Incubators provide the opportunity for peer-to-peer learning and support and access to potential collaborators and funders. Additionally, entrepreneurs gain mentorship support in the form of mentors to receive ongoing feedback on their business and to receive guidance through the growth stages of the business.
Media coverage and PR services can help startups gain brand awareness among customers and potentially get the attention of a funder.
A lot of work and consideration goes into successfully applying for an incubation programme. To increase their chances of success Rick Ed, mentor and business advisor, recommends entrepreneurs to do their research and to consider key important points such as: what the incubator has to offer; if there is business goals alignment; and the programmes pros and cons. Lastly, it’s important to evaluate the credibility of the incubator, advises Ed.
“How reputable is the business development organisation? When accreditation is introduced, will they meet the criteria to qualify? Are participants evaluated to see that they are suitable for the programme and vice versa? How competent are the people who deliver the programme? Do they or have they run their own businesses or are they highly qualified management consultants?”
It is as important to evaluate your business and whether it is ready for incubation, says Mags Ponnan, Head of the Business Incubator and Customer Value Propositions at FNB.
“In reality, not every business is ready or ideal for incubation.
“We have a lot of businesses that want to get into incubators long before they have tested their products in the market, but the reality is that incubators are not a classroom.”
Ponnan recommends businesses conduct the following 3 stress tests before applying for a programme.
1. Define the identity, vision and strategy of the business.
2. Validate your business model.
3. Implement the tested business model and start selling product/service to the market.
Know what to expect
While business owners can expect a lot of valuable guidance and investment during their incubation process, it’s equally important that SME owners know their obligations ahead of time to avoid any surprises.
“Ultimately, they must know what they are signing up for, determine if it matches their needs and if they are able and willing to commit to the programme requirements,” says Chantal de Kock, General Manager at Fetola Business Development Professionals
De Kock shares 5 financial and time commitments that entrepreneurs can expect during their incubation experience:
1. Monthly reporting on key performance indicators.
2. Time out office to attend workshops and networking events.
3. Some incubators charge for certain services, for example consultant interventions and workshop registration fees.
4. Time out of office to attend mentorship sessions.
5. Any costs which may not be covered by the programme.
Read the full article: 5 Financial And Time Commitments To Expect When You Join A Business Incubator
Ultimately the success of any incubator programme comes down to the entrepreneur and whether they make the most of the opportunities provided. Entrepreneur and MD of BlackNation Video Network Andrew Simelani, offers the following advice.
‘Be the driving force of every element of your business. Take responsibility for all your actions. Take advantage of all the opportunities that are presented to you, i.e. networking events, seminars on business needs such as accounting, legal, HR and more.”
Incubation mistakes to avoid
Some of the most common issues that are likely to crop up that can derail a business’s progress, according to Chantal de Kock, general manager at Fetola Business Development Professionals are:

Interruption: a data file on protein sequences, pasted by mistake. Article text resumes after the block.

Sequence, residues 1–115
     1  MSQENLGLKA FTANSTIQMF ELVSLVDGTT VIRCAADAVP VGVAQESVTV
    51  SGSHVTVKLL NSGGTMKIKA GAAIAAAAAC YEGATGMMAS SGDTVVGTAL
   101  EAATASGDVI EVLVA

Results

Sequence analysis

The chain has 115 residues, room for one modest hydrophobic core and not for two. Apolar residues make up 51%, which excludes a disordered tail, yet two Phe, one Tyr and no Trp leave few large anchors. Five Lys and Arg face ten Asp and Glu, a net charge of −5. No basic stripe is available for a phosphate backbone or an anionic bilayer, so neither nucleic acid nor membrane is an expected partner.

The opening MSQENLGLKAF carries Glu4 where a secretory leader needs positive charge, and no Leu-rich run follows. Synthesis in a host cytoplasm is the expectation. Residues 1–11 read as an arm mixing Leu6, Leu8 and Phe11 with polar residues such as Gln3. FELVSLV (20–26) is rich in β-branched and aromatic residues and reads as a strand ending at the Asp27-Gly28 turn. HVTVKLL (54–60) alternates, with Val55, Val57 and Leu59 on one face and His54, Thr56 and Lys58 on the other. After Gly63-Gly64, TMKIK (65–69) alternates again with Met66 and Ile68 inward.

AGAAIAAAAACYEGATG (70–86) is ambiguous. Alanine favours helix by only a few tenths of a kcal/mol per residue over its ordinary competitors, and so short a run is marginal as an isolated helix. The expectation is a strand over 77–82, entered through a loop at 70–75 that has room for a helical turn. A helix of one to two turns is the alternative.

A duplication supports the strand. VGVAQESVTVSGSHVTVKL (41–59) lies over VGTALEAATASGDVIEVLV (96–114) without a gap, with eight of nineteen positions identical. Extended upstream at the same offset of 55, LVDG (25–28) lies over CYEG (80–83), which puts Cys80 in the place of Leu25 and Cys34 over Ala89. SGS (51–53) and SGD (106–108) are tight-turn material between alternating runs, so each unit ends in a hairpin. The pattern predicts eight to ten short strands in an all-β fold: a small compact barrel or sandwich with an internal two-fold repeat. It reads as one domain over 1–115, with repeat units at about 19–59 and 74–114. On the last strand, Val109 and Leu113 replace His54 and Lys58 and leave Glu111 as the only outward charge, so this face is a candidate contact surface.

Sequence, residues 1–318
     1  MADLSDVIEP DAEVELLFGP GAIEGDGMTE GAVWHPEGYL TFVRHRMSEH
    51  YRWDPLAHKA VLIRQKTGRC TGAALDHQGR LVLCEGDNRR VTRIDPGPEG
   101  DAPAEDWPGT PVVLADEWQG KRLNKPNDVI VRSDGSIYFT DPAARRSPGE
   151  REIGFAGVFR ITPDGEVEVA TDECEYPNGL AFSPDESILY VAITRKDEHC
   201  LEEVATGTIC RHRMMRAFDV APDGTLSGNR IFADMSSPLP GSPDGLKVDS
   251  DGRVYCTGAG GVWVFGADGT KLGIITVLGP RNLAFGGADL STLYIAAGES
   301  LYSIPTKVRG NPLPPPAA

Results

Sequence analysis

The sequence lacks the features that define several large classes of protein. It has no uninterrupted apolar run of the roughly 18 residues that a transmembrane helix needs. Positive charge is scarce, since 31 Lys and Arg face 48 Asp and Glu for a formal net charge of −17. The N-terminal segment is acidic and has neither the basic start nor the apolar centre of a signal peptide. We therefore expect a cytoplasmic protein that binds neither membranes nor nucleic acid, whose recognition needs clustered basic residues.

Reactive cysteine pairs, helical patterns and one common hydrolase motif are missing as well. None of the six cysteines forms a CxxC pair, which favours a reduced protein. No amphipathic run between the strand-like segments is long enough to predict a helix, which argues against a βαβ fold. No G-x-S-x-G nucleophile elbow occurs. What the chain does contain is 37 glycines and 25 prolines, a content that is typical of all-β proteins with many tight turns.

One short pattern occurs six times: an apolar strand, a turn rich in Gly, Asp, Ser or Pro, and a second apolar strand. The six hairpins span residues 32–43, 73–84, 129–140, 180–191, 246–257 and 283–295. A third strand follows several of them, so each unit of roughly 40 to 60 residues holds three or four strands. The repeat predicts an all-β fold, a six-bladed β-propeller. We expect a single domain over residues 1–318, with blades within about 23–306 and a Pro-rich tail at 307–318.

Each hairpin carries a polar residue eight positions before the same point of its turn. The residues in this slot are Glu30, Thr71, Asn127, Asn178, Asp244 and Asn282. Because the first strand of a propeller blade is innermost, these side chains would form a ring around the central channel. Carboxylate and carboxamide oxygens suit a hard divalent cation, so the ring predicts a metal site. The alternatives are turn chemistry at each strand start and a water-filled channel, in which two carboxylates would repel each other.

1. Mismatch of expectations, entrepreneurs mistakenly believing the programme is going to “fix everything that’s not working in their business”.
2. Participants not communicating important details with relevant staff.
3. Entrepreneurs cherry picking parts of the incubation programme.
Access the full article: What Entrepreneurs Can Expect From A South African Business Incubator
Below is a guide of some of the best known business incubators in the country.
– Black Umbrellas is an enterprise and supplier development incubation organisation that helps develop small black-owned businesses.
– The Fetola Model creates programmes for clients such as SAB, Old Mutual, J.P.Morgan and the European Union. They support the long-term success of small and medium sized enterprises across a range of sectors in South Africa.
– Raizcorp provides full service business support programmes that guide entrepreneurs to profitability. Over 900 companies have graduated through the Raizcorp programme.
– Seed Engine supports entrepreneurs to become leaders and run their businesses successfully and efficiently. They offer coaching and mentoring.
– Founders Factory Africa targets ambitious African entrepreneurs to design and build solutions to high-impact problems and scale.
– Riversands Incubation Hub is a large-scale business incubator established in 2015 that empowers entrepreneurs through business development programmes and support services.
– TuksNovation is a technology business incubator that provides specialised product and business development support to startups.
– The Enterprise Room delivers impact focussed support and ESD Programmes. Their solutions help SMEs with access to markets and funding programmes.
– eKasiLabs Programme is an incubation facility at the Vaal University of Technology Southern Gauteng Science Park, in Sebokeng. It’s aimed at providing business development support to startups within various sectors such as information and communications technology, (ICT) advanced manufacturing, green economy and bio-economy.
See also: New Business Incubators In South Africa
SEDA – The government also offers incubation programmes for SMEs which are administered by the Small Enterprise Development agency.
SEDA supports 99 technology incubation centres across the country including the following: